Patent litigation at Alston & Bird has roots that stretch back more than 90 years. Our litigators have represented clients in both jury and bench trials in the federal and state courts of at least 45 states, in the U.S. Court of Appeals for the Federal Circuit and in the International Trade Commission (ITC). We have obtained nine-figure jury verdicts for plaintiffs and provided robust support to defendants, achieving numerous summary judgment victories. Our group includes more than 45 attorneys registered to practice before the U.S. Patent and Trademark Office, including three Ph.D.s and many more with master’s degrees in scientific and engineering fields.
Our group has specialists in many areas, including biochemistry, pharmaceuticals, chemistry, electrical engineering, mechanical engineering, chemical engineering, genetics, medical and biomedical products, telecommunications, computer software and business methods. Our lawyers handle patent cases of all types and sizes. Whether we are protecting a maturing company’s latest innovations, representing multiple defendants against infringement charges by a nonpracticing entity or undertaking high-stakes, mission-critical patent litigation, our team is prepared to serve you.
- After obtaining a landmark win at the ITC for client Navico against Garmin, we represented Navico once again in an enforcement proceeding against Garmin. As a result of our strong advocacy, the administrative law judge recommended the largest civil penalty in ITC history ($37 million). In addition, we won a favorable ruling at Customs and Border Protection (CBP) banning future products. The matter is on appeal at the ITC. Certain Marine Sonar Imaging Devices, Including Downscan and Sidescan Devices, Products Containing the Same, and Components Thereof, Inv. No. 337-TA-921.
- We represented Nokia Technologies Oy in a series of patent infringement actions involving 40 Nokia patents relating to video coding and compression. Apple agreed to an upfront cash settlement along with the payment of additional revenues, settling these actions domestically and worldwide. Foreign actions involved 10 countries in Asia and Europe, including Germany, Italy, and Japan. Certain Electronic Devices, Including Mobile Phones, Tablet Computers, and Components Thereof, Inv. No. 337-TA-1039; Certain Electronic Devices, Including Mobile Phones, Tablet Computers, and Components Thereof, Inv. No. 337-TA-1038; Nokia Technologies Oy, et al. v. Apple Inc., No. 2:16-cv-01440 and -01441 (E.D. Tex).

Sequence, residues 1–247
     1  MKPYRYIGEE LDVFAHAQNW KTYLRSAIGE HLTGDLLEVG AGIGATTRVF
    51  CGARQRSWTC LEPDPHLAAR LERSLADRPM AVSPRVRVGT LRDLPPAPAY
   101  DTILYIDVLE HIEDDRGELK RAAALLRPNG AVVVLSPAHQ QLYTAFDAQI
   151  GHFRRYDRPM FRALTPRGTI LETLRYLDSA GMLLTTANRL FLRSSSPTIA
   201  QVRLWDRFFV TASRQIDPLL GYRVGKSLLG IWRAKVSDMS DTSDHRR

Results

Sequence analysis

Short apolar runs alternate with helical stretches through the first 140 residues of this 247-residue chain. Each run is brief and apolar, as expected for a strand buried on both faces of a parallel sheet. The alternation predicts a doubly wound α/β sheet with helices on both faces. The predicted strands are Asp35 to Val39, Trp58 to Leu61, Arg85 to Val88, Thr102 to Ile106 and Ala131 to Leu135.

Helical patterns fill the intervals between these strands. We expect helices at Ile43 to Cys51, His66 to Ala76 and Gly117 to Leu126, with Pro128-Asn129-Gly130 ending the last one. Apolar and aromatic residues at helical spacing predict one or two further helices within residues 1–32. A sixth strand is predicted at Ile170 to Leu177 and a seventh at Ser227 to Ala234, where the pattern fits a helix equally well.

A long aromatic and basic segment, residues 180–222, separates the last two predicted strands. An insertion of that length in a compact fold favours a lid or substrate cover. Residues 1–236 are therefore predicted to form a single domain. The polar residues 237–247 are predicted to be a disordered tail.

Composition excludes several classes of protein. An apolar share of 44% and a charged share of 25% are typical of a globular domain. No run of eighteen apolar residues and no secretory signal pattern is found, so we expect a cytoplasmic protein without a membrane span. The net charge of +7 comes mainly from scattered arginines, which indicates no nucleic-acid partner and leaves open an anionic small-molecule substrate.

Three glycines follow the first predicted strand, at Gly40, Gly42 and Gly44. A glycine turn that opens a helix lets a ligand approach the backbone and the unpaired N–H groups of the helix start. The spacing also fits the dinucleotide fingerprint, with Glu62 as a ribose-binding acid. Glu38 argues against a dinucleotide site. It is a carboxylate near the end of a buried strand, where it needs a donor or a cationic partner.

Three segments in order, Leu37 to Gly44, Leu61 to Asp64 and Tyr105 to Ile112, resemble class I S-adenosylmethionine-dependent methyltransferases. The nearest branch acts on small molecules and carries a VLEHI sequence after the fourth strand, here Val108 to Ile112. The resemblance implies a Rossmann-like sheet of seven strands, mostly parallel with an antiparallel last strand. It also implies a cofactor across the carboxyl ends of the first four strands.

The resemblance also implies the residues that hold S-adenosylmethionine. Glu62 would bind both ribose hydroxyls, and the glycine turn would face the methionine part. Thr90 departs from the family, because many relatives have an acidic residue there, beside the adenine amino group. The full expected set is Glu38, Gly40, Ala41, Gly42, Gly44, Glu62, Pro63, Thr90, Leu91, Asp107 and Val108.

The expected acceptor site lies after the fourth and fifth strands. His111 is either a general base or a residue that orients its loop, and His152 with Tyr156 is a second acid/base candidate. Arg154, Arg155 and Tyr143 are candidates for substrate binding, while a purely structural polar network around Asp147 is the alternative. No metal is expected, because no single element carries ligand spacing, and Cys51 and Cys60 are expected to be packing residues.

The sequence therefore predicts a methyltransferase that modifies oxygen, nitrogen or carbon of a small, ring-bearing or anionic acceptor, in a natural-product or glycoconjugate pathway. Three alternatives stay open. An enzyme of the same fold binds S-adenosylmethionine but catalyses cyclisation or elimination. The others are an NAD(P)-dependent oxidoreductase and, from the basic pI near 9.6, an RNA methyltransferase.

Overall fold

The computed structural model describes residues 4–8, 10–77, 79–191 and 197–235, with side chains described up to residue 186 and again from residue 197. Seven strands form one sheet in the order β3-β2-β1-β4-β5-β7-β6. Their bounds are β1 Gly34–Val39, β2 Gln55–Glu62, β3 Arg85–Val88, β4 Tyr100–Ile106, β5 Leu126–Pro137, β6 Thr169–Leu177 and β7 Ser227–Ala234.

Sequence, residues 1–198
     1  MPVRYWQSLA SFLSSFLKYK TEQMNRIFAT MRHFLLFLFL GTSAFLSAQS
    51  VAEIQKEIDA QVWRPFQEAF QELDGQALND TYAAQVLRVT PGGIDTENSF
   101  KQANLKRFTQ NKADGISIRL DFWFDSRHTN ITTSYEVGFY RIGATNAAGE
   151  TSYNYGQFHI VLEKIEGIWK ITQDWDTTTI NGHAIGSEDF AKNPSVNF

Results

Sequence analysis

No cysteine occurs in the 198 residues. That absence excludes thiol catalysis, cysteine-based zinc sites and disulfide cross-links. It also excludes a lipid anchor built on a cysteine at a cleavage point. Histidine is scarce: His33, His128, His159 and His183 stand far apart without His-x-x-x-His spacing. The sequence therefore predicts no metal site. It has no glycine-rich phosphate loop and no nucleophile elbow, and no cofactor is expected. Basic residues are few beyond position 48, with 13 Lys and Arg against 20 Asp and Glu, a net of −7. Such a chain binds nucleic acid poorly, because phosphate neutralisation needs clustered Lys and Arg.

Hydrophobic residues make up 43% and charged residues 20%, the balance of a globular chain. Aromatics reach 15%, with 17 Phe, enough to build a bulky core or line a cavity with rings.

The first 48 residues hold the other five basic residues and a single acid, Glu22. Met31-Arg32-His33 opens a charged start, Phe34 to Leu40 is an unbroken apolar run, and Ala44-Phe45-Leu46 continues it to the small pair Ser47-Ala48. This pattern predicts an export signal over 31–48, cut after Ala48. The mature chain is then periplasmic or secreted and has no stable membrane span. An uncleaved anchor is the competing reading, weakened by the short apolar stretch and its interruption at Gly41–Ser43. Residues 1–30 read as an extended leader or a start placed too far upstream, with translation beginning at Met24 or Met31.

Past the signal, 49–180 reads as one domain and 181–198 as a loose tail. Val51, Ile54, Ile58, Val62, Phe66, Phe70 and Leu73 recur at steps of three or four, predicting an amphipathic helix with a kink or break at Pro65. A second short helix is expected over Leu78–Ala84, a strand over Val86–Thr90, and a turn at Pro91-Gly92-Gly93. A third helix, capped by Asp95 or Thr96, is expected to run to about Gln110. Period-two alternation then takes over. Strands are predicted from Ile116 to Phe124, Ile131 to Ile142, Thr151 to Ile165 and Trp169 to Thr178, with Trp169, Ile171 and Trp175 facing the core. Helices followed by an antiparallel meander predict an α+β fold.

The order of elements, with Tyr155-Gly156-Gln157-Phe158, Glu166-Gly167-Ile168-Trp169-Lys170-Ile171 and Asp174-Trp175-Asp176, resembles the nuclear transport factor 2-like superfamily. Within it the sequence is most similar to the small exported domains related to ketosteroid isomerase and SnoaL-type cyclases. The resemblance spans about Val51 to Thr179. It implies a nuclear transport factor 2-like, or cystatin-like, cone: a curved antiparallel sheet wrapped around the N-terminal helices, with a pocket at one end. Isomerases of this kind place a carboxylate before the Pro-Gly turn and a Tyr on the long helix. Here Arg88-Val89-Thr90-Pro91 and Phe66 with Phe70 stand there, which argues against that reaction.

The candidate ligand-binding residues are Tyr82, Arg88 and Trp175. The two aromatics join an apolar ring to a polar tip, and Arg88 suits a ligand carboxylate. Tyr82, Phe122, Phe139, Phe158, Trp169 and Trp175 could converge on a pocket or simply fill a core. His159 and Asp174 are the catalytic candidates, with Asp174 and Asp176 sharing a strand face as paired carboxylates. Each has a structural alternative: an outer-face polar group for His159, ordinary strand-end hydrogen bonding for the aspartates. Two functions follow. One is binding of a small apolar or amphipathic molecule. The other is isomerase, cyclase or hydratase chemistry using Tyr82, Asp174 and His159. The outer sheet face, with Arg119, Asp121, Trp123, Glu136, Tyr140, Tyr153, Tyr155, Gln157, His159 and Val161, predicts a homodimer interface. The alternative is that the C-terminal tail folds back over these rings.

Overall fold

- An earlier $106 million jury verdict win was augmented with an additional award of $14 million. In this case, our team won a permanent injunction for clients Mylan Inc. and Mylan Pharmaceuticals in a dispute against GlaxoSmithKline LLC regarding a breach of contract claim over the production and sale of a generic formulation of Paxil CR, a popular antidepressant. GSK had signed an agreement granting Mylan an exclusive right to market and sell paroxetine hydrochloride, the generic name for Paxil CR. Breach of this original agreement led to this new dispute, and after a nine-day trial, the jury found GSK breached that agreement by subsequently allowing a third party, Apotex, to sell generics of the drug. Mylan Inc., et al. v. SmithKline Beecham Corporation, et al., No. 3:10-cv-04809 (D.N.J.).
- Alston & Bird filed a patent infringement lawsuit on behalf of Autoliv ASP Inc. against Hyundai Mobis and Mobis Alabama in the Middle District of Alabama. The lawsuit involves two patents, both directed to passenger airbag safety features that prevent injuries when occupants are too close to the airbag when the airbag deploys in an accident. The defendants filed petitions for inter partes review (IPR) of both patents-in-suit. We filed preliminary responses, which resulted in only partial institution of the IPR proceedings. These are both on appeal to the Federal Circuit. Following trials in the IPRs, the Patent Trial and Appeal Board (PTAB) issued a final written decision that the claims of the lead patent are not invalid, even though the vast majority of instituted IPRs end in the invalidation of the challenged claims. Autoliv ASP Inc. v. Hyundai Mobis Co. Ltd., No. 2:13-cv-00141 (M.D. Ala.).